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General Course Information

Are you looking for a course to become a Dog Training Instructor, or brush up the skills you already have?

There are lots of courses, workshops and seminars on offer to people who are interested in becoming a Dog Training Instructor (someone who teaches owners how to train their dogs). They vary in length, content, quality and cost and it is difficult for people to decide which one to choose. Below are some things you might like to think about.

Do you attend/assist dog training classes? Talk to the instructors. Ask if they can recommend a route.

Look at the website of the organisation who are offering the course: What do they stand for? What are their guiding principles? Do they have a code of practice/conduct which suits the type of training you believe in? Even in the 21st century there are organisations that teach about ‘Dominance’ in pet dogs – an idea which has been identified as flawed many years ago. If it is not obvious from the website (look for references to ‘pack leaders’, being the alpha and similar) then e-mail them, ask if they support the ‘dominance’ theory. There are some courses who will teach you to set the dogs up to fail, and then punish them when they go wrong. They will also probably show you how to reward them when they eventually get it right, but this is not the sort of training APDT, UK believes in. We believe that dogs should be set up to succeed. To be taught in small increments at the speed that the dog (and owner) can cope with.

What will you get for your money?

How do you know you are taking in the information correctly? Some courses require you to attend the lectures but don’t follow up on whether you have understood the concepts taught. APDT, UK course requires you to do a total of eight homework assignments. This takes time, and needs to be factored in when considering whether the course is for you or not. The assignments may require extra research away from the classroom, but this is a great way to check that you are understanding the basics of Learning Theory, Equipment, Stress, the dominance myth, coping with different dogs in class and Diet. We also believe in a lot of interaction during most of the sessions – we won’t just tell you the answers to everything, we encourage you – working in small groups – to think of some of the challenges you might come across, how you might sort out a problem, etc. Of course the tutor will have their own solutions, but by involving the whole class in identifying some of the issues it encourages you to think about what might happen. You will have an ‘ongoing assessment’ (we keep an eye on everyone) during the course – to make sure you are keeping up with everything being taught. Plus a small mini-assessment in the practical area at the end of the course to make sure you are able to explain an exercise, demonstrate with a dog, and help your ‘clients’ (fellow students) address any problems they may have. This is by way of rounding off the course, but we will have made sure that you are ready for it. We teach our students with the same ethos as we teach owners and dogs – setting them up for success, sorting out minor problems before they become major ones and sorting out any questions or concerns along the way.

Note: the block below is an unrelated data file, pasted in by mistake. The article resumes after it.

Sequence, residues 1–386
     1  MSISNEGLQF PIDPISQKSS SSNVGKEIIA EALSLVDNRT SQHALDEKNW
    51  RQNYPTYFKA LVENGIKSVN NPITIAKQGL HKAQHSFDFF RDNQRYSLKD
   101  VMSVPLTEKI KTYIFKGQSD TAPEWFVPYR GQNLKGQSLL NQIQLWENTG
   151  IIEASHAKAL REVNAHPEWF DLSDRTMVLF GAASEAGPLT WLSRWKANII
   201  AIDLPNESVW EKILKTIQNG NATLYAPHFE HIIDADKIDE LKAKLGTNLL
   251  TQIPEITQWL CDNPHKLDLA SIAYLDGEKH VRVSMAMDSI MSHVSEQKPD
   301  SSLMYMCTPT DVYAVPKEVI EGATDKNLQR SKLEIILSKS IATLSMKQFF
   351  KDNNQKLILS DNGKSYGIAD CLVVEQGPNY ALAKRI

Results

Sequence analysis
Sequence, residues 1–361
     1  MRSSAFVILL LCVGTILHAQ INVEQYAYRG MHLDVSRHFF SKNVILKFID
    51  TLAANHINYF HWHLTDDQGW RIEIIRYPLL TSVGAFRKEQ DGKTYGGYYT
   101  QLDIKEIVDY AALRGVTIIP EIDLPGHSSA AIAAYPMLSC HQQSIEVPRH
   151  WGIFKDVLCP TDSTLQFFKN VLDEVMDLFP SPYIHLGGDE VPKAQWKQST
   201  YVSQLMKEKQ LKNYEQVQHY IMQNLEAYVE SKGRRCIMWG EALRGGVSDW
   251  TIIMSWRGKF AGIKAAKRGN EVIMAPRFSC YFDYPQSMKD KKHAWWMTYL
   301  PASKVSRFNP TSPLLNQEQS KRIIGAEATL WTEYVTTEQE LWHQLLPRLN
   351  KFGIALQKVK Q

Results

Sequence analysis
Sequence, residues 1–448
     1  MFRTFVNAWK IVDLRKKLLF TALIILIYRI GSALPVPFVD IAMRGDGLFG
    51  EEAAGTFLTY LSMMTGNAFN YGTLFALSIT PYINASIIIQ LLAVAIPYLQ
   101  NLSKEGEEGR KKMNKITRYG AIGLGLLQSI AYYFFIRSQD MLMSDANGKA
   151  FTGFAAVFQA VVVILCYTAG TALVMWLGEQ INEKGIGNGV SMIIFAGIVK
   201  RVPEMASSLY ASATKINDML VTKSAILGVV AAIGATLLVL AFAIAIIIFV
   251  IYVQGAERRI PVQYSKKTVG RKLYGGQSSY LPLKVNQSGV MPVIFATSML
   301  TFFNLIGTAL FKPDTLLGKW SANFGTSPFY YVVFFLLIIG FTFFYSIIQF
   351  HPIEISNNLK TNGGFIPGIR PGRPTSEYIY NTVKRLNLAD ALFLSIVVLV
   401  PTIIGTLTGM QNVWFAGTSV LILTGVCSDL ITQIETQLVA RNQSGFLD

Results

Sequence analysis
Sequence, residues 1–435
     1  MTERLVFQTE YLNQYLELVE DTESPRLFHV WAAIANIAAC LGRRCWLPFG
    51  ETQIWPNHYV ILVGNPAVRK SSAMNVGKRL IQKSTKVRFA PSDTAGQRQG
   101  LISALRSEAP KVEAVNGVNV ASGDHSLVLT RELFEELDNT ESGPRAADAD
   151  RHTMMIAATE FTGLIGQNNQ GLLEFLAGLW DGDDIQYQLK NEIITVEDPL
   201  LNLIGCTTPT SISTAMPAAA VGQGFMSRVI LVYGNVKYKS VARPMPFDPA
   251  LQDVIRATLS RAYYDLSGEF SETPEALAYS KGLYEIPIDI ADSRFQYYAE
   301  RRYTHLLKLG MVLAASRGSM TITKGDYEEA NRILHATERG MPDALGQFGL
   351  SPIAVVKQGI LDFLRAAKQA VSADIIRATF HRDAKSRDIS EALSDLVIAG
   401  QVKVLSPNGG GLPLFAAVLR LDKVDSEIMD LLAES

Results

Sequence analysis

Does the course have a required reading list? We all benefit from reading around a subject, but again it is often difficult to know which books are the most useful/relevant. Ask your course provider what books they would suggest you read to help you with your learning.

Do you get support during and after the course? APDT,UK have found it very useful for students to have Facebook groups. Each year-group has one for the duration of the course. On completion they are invited to join another group for people who have attended our courses and are given support and advice (by both tutors and former students) via these groups for as long as they need it. There is no charge for this support.